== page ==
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South Haven residents stunned by latest flooding

Frank Garciuses squeegee mop away water subflooring if his brother-in-law's home after carpeting was ripped out. | Carrie Napoleon/for Sun-Times

Frank Garcia uses a squeegee to mop away water on the subflooring if his brother-in-law's home after the carpeting was ripped out. | Carrie Napoleon/for Sun-Times Media

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Updated: September 26, 2014 1:33PM



SOUTH HAVEN — Residents grabbed rakes Saturday and headed for the two large storm culverts in the 700 block of Governor Road to try to stop floating debris from clogging the swirling drains.

While the drains were free of debris before the rain started Saturday — after flooding Friday devastated the neighborhood and left at least three of the homes uninhabitable — rain soon filled the street from curb to curb and a torrent of stormwater flushed debris toward the drains.

The rainfall Saturday added insult to injury for residents left dragging out waterlogged belongings ruined by a Friday flood that filled their streets and their homes with a mixture of rainwater and sewage.

“It was crazy standing here and watching it happen,” Teresa Torres said. “We had to basically do a rush move out.”

Torres said she and her two adult sons packed up some of their belongings in bags and began walking up the street between two of their neighbors’ homes to higher ground. She said the current in the street was so strong it kept pushing her back.

The stench of sewage filled her home even after the family, with the help of relatives and members of their church, ripped out the flood-soaked carpeting and belongings. Fans were blowing on the subflooring as they worked to squeegee out standing water throughout the single level slab home. The subflooring, drywall and insulation must be replaced.

None of the affected homeowners qualifies for flood insurance.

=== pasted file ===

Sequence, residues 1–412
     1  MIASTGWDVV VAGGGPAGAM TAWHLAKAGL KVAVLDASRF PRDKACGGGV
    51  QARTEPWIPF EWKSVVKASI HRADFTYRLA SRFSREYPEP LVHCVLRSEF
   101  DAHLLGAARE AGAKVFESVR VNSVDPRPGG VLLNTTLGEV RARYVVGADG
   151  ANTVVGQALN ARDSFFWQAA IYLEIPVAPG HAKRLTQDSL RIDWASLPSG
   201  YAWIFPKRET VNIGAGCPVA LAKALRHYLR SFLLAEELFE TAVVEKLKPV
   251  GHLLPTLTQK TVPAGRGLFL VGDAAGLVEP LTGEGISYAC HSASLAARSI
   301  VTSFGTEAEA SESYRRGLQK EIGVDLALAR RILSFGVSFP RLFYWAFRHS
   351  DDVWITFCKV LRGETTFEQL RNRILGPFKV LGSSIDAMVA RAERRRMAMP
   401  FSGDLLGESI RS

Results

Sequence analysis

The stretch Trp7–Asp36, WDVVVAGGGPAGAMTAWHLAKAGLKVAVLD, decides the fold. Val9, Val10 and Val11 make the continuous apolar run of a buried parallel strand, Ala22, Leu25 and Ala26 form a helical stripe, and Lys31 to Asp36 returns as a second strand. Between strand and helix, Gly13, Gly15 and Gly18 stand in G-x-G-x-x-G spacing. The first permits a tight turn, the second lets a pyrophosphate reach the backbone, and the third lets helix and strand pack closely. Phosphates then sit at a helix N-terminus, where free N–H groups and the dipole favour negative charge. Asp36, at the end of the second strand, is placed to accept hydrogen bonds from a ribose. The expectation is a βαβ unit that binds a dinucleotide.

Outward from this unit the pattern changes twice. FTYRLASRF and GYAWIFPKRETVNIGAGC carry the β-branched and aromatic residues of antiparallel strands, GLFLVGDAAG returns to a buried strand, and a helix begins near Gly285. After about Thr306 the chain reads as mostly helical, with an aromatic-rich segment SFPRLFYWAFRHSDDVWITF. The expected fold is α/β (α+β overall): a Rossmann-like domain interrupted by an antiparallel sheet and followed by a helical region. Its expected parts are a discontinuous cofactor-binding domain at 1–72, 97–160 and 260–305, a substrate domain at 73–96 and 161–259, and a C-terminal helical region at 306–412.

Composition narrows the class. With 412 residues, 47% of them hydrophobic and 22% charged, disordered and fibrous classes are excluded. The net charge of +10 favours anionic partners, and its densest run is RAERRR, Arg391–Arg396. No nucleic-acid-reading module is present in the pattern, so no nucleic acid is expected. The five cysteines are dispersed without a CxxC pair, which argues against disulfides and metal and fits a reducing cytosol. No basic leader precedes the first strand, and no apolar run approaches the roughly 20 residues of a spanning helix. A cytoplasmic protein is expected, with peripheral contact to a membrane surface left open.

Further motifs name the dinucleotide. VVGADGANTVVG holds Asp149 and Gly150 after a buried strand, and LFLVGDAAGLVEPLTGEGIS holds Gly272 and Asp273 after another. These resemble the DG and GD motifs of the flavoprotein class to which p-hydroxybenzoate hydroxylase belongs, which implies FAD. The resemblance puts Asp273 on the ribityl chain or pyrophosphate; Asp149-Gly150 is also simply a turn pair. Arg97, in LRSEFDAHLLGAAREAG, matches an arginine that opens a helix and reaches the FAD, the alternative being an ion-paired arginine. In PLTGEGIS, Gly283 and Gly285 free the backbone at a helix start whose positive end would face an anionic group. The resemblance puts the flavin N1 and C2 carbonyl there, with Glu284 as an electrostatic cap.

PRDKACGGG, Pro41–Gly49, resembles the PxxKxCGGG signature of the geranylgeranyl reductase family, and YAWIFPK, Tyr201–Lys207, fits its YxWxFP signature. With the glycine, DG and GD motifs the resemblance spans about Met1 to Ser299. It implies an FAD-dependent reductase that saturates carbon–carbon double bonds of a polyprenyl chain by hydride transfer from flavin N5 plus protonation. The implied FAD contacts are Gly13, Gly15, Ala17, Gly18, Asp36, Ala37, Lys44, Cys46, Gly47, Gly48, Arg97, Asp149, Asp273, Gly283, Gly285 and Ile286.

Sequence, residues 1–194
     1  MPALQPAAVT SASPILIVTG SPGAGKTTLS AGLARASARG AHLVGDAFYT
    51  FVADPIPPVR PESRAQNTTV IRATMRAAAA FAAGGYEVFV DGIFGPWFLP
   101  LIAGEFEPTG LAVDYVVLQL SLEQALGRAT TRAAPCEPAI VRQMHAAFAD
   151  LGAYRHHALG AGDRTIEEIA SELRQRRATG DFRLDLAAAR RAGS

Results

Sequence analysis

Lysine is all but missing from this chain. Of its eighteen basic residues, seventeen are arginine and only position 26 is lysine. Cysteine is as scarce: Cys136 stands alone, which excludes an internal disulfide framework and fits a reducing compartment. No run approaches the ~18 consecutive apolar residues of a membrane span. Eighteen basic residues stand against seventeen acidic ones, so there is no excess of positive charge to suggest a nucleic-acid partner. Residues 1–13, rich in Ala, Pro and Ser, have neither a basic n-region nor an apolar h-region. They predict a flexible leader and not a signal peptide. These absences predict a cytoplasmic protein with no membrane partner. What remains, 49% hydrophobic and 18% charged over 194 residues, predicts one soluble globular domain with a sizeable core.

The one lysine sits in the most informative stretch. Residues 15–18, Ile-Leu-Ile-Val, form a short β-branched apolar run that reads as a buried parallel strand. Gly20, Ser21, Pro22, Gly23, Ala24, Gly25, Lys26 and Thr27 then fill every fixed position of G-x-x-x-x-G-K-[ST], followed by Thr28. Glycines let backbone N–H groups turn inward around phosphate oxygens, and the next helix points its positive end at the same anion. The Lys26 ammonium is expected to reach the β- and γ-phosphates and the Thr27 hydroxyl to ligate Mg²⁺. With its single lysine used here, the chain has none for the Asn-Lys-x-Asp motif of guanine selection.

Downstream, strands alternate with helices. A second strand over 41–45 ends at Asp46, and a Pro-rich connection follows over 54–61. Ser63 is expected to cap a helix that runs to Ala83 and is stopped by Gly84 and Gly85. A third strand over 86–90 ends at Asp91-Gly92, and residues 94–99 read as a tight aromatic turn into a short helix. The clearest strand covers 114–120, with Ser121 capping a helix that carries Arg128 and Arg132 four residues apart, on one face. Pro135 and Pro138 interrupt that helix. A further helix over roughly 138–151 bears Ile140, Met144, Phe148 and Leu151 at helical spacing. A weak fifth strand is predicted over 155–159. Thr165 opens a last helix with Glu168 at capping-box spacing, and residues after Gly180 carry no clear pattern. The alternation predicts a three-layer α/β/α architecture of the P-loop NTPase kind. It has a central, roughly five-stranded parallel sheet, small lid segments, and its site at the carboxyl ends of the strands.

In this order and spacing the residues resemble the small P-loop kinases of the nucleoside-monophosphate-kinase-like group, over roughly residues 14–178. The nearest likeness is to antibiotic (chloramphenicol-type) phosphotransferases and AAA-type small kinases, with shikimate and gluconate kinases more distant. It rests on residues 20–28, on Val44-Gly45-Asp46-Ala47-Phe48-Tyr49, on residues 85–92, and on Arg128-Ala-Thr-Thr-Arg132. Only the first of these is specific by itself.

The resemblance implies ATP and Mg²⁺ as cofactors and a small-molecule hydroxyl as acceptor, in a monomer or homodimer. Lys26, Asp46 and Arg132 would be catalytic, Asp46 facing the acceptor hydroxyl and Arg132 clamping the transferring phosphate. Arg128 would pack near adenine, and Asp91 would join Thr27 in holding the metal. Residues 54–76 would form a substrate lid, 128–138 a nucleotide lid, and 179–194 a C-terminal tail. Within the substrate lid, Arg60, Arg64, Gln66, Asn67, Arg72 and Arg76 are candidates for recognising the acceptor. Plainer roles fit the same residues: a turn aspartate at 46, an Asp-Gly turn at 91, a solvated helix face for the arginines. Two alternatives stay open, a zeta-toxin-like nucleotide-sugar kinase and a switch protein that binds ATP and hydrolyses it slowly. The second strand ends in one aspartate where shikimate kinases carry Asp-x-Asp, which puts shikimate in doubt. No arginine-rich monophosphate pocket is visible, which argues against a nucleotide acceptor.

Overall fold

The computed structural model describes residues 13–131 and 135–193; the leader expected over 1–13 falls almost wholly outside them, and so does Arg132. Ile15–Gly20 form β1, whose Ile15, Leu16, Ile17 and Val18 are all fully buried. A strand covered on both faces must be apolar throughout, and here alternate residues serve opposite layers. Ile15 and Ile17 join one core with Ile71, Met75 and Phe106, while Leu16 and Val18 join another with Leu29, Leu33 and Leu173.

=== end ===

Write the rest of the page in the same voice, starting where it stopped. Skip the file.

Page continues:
The Radtkes own the home in which their daughter, her husband and their four children live. The family had to be rescued by lifeboat from the home Friday by the South Haven Volunteer Fire Department.

“They called me a little after 2 Friday morning and said the water was to the doors and it was coming into the house,” Teresa Radtke said. Floodwater filled the crawl space and was coming up into the home through the vents. The toilets were backing up and pushing sewage into the flood waters.

Radtke said the South Haven Volunteer Fire Department responded with lifeboats to rescue her daughter’s family from the rising polluted flood waters.

“Kudos to the South Haven Fire Department. They were great,” she said.

Radkte said she and her husband have tried to obtain flood insurance just as the Torres family had. Since the homes are not in a flood plain, the families are ineligible. Both families also have been shot down by their regular homeowner’s insurance companies, which say they do not cover flood damage.

“Everybody is at total loss,” she said.

The residents on Governor Road have been battling flooding for decades. Portage Township Trustee Brendan Clancy was on site Saturday as soon as the rain began to fall to monitor the drains and document the flooding and how residents were trying to cope. He said the situation has gone on long enough and must be addressed.

“If it happened once it’s one thing. This is a recurring problem,” Clancy said.

Workers were able to clear a beaver dam that was blocking the flow of water into Duck Creek on Saturday, but the real problem, how the area drains into the two large culverts, he said, must be addressed by officials. Clancy said he will work to bring together Porter County Council members and commissioners, the drainage board and whoever else may have responsibility for the problem to find a solution.

“We need to try and figure out how we can all get together and get something accelerated out here,” Clancy said.

In the meantime, homeowners are left with the mess and an uncertain future. Clancy has declared a state of emergency for the area, but whether that will result in funding to help those affected was unclear.

Residents are trying to salvage what they can and figure out how to move on.

“I’m just going through the motions. Then I go home and cry a lot,” Radtke said.



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